(Photo: Residents attending an Official Plan Workshop in Stittsville in October, 2019.)
To those who wish to delay the adoption of our new Official Plan (OP) by two or three years, I have to ask: have you read our current Official Plan? If a city’s official plan is the vehicle that gets it from the present moment to the future, then our current plan is an old used car with a dangling muffler, peeling paint, and an empty tank of gas (for the cyclists out there, it’s an 18-speed bike with only three speeds that work, worn-out brakes, and a popped tube).
Some background: Our last official plan was adopted by council just about 18 years ago (a baby at the time, it would now be just finishing high school). The document was called “Ottawa 20/20,” which represented the year it was originally supposed to take us to. It was the first official plan after amalgamation, which meant its main task was to herd together a bunch of plans from a group of former municipalities (a list of which would take up most of my word count). It’s now 2021 and Ottawa is a very different place. We simply can’t rely on the plan we have to take us any further because it isn’t built for the job. The patchwork of frequent amendments speaks well to that.
What does the Official Plan do? On a high level, it guides the growth and development of Ottawa. The principles in the OP inform Secondary Plans, which are more specific and prescriptive (things like the Transportation Master Plan or Secondary Plans for neighbourhoods), as well as the Zoning By-Law. It is, in two words, a visioning document: outlining what we want Ottawa to be and what it will take to get there.
The reason given by some groups regarding the need for delay is a lack of consultation. The consultation for our new OP began in March 2019, the draft plan was released in November 2020, and it’s expected that council will adopt it in Fall 2021. Whether 20 months is enough time for the process is up to you, but there’s no disputing that the consultation over this amount time has involved over 100 community events and engaged over 100,000 residents. (A public Q&A session earlier this week attracted over 400 participants on Zoom.)
So, the issue then may not be that there wasn’t enough consultation, but rather that residents don’t feel that the consultation mattered: that planners simply forged ahead with whatever they planned on doing in the first place. Of course, the amount that plans should change following feedback is hard to measure, since feedback is never purely homogeneous and there are many competing desires and goals. But there was an announcement last week that staff would be making several changes based on public reaction to the draft, which is certainly a sign that people are listening.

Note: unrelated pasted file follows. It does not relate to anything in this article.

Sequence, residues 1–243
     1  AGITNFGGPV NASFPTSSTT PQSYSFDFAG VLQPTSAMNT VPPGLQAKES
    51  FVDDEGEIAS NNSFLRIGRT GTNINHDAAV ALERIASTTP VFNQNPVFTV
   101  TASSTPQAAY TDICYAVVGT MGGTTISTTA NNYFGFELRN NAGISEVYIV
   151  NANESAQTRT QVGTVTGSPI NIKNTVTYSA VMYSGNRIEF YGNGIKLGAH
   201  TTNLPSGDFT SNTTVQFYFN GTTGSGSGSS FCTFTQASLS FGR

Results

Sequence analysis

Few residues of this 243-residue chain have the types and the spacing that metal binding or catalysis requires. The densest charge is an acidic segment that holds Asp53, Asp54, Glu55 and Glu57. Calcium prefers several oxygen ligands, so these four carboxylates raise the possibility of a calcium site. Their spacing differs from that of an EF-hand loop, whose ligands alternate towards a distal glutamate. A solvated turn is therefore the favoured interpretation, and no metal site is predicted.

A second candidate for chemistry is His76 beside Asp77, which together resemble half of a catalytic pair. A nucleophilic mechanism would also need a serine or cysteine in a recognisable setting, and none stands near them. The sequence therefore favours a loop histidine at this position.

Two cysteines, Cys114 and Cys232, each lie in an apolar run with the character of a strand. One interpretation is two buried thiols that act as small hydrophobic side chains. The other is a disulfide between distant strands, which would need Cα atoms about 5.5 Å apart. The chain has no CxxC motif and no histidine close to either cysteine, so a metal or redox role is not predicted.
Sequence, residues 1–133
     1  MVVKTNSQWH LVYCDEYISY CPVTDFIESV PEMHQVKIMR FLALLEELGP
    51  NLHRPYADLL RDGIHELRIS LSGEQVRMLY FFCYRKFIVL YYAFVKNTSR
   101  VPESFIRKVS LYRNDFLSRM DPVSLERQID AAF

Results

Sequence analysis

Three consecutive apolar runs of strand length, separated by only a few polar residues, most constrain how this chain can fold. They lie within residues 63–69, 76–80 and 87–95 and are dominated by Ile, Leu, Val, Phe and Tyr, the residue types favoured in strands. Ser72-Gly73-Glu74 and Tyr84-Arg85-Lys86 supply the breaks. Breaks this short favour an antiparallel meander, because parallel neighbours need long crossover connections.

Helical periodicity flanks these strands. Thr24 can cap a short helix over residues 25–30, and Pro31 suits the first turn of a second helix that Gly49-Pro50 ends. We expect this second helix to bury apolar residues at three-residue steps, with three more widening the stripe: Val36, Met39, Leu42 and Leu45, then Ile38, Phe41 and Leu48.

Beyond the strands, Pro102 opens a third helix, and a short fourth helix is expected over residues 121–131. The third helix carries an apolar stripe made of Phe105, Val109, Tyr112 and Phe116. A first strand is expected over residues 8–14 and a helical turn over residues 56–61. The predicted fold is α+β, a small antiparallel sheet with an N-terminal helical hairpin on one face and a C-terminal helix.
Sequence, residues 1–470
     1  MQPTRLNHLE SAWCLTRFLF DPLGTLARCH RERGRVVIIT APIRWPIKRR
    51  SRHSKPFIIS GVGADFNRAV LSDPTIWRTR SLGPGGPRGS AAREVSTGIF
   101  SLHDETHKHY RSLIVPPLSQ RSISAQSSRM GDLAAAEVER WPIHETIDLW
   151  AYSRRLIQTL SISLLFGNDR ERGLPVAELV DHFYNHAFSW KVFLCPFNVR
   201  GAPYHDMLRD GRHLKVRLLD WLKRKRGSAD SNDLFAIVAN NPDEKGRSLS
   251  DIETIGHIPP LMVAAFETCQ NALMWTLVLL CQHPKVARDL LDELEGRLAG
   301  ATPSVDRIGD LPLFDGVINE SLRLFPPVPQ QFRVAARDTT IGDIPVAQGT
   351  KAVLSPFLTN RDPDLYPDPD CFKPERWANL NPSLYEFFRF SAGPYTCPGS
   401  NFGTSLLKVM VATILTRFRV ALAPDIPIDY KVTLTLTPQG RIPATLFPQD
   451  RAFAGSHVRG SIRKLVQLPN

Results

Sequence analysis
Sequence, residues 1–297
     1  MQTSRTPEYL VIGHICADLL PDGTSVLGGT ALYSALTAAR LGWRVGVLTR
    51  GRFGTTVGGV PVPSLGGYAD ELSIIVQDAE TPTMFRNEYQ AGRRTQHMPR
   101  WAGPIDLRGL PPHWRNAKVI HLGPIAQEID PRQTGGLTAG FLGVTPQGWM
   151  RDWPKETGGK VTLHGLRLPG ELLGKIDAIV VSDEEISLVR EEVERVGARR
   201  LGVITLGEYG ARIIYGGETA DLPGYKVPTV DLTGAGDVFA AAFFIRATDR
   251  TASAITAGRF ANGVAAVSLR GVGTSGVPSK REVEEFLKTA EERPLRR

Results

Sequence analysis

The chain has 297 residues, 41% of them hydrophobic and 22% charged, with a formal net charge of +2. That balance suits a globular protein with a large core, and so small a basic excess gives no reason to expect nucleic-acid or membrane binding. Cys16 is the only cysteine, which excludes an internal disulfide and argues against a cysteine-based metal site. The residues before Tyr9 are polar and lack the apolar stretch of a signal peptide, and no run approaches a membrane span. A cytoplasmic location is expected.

There has been one concern driving the public feedback: growth. And that’s also the main challenge that the new official plan is grappling with. Ottawa’s population is going to grow by 40% over the next 25 years to 1.4 million people. Where are these people going to live? Where are they going to work? Shop? Raise their kids? Spend their leisure time? How are they going to move between these places? Many are concerned that the answers to these questions will change the identity of where they currently live. That’s understandable, and the new OP should take that into account. But it also must account for some serious challenges ahead for our city. That will mean that some neighbourhoods will change.
We can see the pressure cooker Ottawa is in right now: an overheated housing market, an affordable housing crisis, snarled traffic. That’s where we are now. And what about with 400,000 more people? We can’t delay a plan for this growth, or the situation is going to get even worse.
This new OP can also be the foundation for our pandemic recovery. By the time it gets adopted, we should be in recovery mode and we will likely see a return to very high levels of immigration. We need to be ready if we want to minimize further stress on our real estate market and housing availability.
The challenges facing Ottawa are daunting, but there is also huge opportunity on the horizon. We need a plan to take us there. Let’s get it done.